(AP Photo/David Goldman)

Atlanta’s 127-98 drubbing of the Cleveland Cavaliers at Quicken Loans Arena on Wednesday didn’t happen by accident. Despite the Hawks being most recently remembered for making the 2013-14 postseason depsite a losing season, this squad is  one of the best teams in the Eastern Conference at 18-7 entering Saturday’s games.

To be fair, I had to look up the name of Atlanta’s head coach. Evidently it’s Mike Budenholzer, whose name sounds like a piece of expensive equipment meant for irrigation. No team has cauterized its ailments and excelled like the Hawks. Without leading scorer Jeff Teague, the team was still able to beat the Cavs by 29 points and shoot 64.5 percent from the floor.

It’s worth noting that the team’s defense is solid: Atlanta ranks seventh in points allowed (97 points per game) and eighth in defensive efficiency. But its offense has been remarkable. The Hawks don’t have an arsenal of attack-the-rim players and their free throw rate shows it: Atlanta averages 22.2 free throw attempts per game, 20th in the league. But the team ranks in the league’s top five in field goal and three-point percentage and shoots a whopping 52.9 percent adjusted field goal percentage.

Budenholzer’s roster isn’t teeming with all-stars, either, but the team distributes its production better than most: all five starters average double figures in scoring and the bench is fifth in the league with 8.4 assists per game. The team takes care of the ball, too: Atlanta ranks fourth in the league in assist-to-turnover ratio (1.96).

Balance has a way of extending across multiple areas of a given professional sports team. Fox Sports interviewed Budenholzer about his methodology in late November.

“I think the way that we play and the way we share the ball, it could be anybody one night might have a big night. Some nights it might be balanced. I think in a perfect world, we’re making good reads and good decisions and we’re sharing the ball and whoever is open is getting it and they’re taking advantage of their opportunities. I think the balance is something that’s great and we’ll take it.”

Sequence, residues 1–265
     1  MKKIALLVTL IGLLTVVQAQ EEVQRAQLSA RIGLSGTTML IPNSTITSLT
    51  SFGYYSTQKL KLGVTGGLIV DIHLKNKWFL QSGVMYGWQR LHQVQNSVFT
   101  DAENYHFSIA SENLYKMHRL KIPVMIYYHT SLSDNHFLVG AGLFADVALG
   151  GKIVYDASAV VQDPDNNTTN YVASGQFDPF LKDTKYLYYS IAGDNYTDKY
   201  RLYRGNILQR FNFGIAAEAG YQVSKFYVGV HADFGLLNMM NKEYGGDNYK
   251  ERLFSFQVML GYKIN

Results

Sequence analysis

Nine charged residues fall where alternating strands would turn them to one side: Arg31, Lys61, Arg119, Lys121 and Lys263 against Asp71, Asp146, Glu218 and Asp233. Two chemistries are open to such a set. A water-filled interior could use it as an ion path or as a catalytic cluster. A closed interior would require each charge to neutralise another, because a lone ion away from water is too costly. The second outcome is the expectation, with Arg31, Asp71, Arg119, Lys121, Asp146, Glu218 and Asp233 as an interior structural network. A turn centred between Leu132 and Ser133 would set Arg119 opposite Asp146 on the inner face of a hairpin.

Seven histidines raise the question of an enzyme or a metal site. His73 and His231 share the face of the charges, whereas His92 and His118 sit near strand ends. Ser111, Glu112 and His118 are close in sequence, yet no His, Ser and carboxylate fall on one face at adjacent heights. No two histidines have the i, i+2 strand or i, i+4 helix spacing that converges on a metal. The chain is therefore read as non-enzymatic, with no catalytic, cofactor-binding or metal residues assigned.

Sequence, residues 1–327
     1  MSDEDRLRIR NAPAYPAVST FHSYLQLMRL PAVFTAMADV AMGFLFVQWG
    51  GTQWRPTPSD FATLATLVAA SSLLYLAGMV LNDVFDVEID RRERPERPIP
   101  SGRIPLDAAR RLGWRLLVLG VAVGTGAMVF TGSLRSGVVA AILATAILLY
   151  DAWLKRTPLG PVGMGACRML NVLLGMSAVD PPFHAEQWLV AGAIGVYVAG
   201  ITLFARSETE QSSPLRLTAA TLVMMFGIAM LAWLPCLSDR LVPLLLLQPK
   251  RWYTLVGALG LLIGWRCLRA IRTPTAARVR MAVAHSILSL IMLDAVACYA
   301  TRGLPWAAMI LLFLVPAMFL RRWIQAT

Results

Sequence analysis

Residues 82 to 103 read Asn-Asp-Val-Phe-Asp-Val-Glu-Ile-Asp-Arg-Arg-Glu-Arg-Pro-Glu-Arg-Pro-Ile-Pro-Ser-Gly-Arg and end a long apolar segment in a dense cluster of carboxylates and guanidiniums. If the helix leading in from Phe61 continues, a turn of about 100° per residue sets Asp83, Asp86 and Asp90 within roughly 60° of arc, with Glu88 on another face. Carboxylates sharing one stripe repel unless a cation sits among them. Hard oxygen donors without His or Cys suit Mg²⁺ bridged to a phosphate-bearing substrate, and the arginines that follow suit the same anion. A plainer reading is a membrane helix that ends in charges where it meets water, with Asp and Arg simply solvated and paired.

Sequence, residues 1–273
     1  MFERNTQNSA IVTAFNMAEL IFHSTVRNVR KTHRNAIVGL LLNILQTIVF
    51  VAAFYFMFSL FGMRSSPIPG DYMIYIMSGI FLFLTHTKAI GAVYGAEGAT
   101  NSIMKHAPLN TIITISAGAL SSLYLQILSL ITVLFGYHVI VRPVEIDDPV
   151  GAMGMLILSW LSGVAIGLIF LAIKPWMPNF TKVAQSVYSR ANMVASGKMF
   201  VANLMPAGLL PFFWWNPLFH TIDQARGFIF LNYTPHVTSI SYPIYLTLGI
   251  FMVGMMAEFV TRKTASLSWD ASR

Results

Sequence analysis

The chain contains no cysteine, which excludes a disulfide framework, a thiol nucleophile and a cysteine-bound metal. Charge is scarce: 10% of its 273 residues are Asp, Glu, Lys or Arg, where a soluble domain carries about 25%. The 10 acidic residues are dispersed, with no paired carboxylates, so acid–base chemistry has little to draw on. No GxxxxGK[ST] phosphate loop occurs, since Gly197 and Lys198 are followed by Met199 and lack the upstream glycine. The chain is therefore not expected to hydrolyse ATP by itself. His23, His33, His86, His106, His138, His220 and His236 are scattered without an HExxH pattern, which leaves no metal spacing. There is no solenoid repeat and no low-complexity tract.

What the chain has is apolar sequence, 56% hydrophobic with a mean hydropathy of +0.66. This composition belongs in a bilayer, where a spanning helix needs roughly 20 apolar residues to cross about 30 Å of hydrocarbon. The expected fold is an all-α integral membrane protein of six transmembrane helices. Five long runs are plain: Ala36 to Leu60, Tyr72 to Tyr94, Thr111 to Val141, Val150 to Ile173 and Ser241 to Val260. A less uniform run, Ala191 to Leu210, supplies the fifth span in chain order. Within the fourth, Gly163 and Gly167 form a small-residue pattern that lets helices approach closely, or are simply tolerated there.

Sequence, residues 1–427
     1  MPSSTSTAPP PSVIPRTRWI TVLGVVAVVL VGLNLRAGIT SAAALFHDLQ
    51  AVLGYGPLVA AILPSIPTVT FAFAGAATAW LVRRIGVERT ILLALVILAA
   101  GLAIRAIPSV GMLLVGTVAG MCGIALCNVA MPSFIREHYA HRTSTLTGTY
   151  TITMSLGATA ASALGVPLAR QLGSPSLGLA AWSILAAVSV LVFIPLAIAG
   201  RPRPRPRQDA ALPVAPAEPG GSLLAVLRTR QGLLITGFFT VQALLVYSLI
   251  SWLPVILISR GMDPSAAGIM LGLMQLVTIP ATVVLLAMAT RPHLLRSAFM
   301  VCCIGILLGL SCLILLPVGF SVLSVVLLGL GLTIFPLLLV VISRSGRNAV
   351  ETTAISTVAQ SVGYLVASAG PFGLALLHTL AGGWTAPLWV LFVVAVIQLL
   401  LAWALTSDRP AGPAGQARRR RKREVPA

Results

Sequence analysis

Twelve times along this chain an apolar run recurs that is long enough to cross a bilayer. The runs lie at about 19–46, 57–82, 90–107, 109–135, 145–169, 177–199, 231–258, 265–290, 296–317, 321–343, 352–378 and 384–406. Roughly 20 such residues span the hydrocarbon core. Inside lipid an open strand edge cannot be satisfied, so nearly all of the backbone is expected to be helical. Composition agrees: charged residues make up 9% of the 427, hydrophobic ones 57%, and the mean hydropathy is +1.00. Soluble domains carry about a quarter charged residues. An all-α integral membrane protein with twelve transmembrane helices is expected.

John Hollinger’s assist ratio — based around the theory that every time a player comes into possession of the ball, he has an opportunity to generate an assist — further exemplifies the selflessness of the team:


There’s also something to be said about having Kyle Korver — the best three-point specialist in basketball now that Ray Allen isn’t active — in the starting rotation. Through 24 games, as Grantland’s Kirk Goldsberry noted, Korver was shooting an absurd 54.6 percent from beyond the arc, with each three-point attempt worth 1.64 points. The Creighton product has long led the league in boy-band-looks, but many more can start remembering him for something else: the man with the best three-point shot in the league.

There’s plenty of time for any team to unravel, but few analysts projected Atlanta to be where they are currently. In just Budenholzer’s second season as head coach he has the Hawks believing, and maybe the rest of the Eastern Conference should consider following suit.

Josh Planos has had his work featured at the Wall Street Journal, The Atlantic, Huffington Post, Vice, CBS Sports Radio, Fox Sports Radio and ESPN Radio. He’s currently a Digital Editor at KETV NewsWatch 7 and a freelance writer. Follow him on Twitter (@JPlanos).